SPECIES: Frater­cula arc­tica


iD magazine - - Nature -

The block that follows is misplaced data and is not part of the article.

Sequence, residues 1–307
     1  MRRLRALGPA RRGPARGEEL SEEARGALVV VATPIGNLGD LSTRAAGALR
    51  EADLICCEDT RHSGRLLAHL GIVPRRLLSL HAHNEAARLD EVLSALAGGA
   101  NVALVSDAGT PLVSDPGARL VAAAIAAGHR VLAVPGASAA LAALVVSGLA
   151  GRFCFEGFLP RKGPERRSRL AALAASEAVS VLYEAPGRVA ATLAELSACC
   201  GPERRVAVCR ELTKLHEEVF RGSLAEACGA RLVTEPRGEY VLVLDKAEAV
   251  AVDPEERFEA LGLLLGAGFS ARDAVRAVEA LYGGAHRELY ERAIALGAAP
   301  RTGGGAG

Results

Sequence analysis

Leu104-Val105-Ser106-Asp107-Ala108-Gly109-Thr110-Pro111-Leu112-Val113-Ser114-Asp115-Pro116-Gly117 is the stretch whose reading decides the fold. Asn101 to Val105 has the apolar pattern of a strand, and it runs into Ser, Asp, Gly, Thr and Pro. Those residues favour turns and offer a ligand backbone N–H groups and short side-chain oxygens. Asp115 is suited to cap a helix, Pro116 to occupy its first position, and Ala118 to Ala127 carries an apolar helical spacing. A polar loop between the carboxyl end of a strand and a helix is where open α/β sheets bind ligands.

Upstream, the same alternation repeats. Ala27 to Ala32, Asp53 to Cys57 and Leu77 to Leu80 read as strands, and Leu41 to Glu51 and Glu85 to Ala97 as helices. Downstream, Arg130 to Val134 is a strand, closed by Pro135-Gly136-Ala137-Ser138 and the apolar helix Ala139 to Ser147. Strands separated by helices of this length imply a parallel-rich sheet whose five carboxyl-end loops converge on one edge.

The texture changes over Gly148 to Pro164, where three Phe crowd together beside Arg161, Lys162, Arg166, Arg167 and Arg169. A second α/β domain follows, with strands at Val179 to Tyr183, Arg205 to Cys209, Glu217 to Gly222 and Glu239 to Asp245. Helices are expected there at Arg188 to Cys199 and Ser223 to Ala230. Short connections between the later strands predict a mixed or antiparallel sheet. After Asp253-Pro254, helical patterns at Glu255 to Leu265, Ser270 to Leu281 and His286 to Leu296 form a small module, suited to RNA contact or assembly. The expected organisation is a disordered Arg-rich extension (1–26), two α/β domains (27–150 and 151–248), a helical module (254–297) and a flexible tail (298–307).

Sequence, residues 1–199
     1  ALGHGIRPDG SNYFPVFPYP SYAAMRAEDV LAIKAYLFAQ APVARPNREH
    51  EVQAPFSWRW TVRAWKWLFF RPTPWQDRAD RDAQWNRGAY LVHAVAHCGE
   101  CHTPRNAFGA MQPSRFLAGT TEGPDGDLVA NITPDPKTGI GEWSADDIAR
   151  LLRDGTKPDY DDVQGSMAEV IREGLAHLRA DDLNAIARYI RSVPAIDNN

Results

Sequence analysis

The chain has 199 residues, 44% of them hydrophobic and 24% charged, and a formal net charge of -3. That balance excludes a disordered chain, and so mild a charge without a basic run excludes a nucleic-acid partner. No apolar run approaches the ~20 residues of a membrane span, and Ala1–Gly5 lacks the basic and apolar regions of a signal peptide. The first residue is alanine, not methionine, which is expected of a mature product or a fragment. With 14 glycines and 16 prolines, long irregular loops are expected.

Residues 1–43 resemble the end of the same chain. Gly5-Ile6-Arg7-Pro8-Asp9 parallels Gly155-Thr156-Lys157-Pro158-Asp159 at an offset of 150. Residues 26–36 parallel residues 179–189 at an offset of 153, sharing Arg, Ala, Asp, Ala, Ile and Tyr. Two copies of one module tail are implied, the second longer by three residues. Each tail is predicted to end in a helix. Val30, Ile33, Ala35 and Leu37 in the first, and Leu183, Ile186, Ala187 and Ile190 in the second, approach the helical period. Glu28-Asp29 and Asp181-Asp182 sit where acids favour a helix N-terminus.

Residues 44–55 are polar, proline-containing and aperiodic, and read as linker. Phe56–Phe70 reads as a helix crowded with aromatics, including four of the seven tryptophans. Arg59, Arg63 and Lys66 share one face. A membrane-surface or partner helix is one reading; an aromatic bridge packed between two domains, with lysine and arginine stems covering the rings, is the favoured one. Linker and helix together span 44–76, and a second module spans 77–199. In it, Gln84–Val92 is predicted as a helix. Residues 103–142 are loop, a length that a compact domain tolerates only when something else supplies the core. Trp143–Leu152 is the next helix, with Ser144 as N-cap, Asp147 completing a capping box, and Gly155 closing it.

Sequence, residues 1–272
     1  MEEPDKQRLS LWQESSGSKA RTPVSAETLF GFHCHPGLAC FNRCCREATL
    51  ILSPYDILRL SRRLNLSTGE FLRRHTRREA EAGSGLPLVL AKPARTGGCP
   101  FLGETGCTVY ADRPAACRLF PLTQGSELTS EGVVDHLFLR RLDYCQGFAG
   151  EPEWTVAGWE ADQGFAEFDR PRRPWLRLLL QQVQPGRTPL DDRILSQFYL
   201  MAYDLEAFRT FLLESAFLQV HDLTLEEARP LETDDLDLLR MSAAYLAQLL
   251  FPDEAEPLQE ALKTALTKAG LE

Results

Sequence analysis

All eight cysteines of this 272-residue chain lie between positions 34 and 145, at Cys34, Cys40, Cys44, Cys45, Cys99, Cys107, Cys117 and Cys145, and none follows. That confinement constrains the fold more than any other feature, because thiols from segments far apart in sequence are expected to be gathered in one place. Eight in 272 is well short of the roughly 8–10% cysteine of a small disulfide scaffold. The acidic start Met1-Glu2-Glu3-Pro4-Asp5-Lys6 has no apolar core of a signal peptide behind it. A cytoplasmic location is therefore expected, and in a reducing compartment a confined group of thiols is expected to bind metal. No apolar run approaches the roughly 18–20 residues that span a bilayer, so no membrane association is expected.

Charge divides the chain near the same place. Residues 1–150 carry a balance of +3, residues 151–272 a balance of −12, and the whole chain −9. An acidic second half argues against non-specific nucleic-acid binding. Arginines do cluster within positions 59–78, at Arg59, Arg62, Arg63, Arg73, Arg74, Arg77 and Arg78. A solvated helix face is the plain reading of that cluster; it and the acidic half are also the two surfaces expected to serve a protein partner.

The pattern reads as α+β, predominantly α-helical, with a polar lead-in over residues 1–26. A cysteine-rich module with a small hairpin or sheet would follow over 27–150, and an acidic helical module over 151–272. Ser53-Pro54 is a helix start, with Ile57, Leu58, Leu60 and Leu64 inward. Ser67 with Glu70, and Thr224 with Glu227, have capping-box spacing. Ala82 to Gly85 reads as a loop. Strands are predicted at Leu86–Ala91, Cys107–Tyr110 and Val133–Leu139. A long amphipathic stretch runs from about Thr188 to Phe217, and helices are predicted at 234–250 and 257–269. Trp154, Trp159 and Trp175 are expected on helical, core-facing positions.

Fifty, 100, 200 feet— Frater­cula arc­tica dives deeper and deeper into the sea, all the while re­peat­edly snap­ping its beak with unerring pre­ci­sion. Its prey do not stand a chance— even though this light­ning-fast hunter isn’t re­ally in its own el­e­ment. That oc­curs far above the wa­ter. But how does this an­i­mal man­age to ori­ent it­self so per­fectly in this alien en­vi­ron­ment? Re­searchers have dis­cov­ered: It’s a unique vis­ual sys­tem that has made Frater­cula arc­tica one of evo­lu­tion’s suc­cess sto­ries. Not only does each eye have an up­per and lower eye­lid, there is an ad­di­tional third eye­lid known as a nic­ti­tat­ing mem­brane. Dur­ing the hunt for her­ring and smelt, the third eye­lids work like a pair of gog­gles to cover the corneas while the an­i­mal is in the wa­ter and al­low it to see clearly for dozens of yards— and cap­ture its fill of prey.

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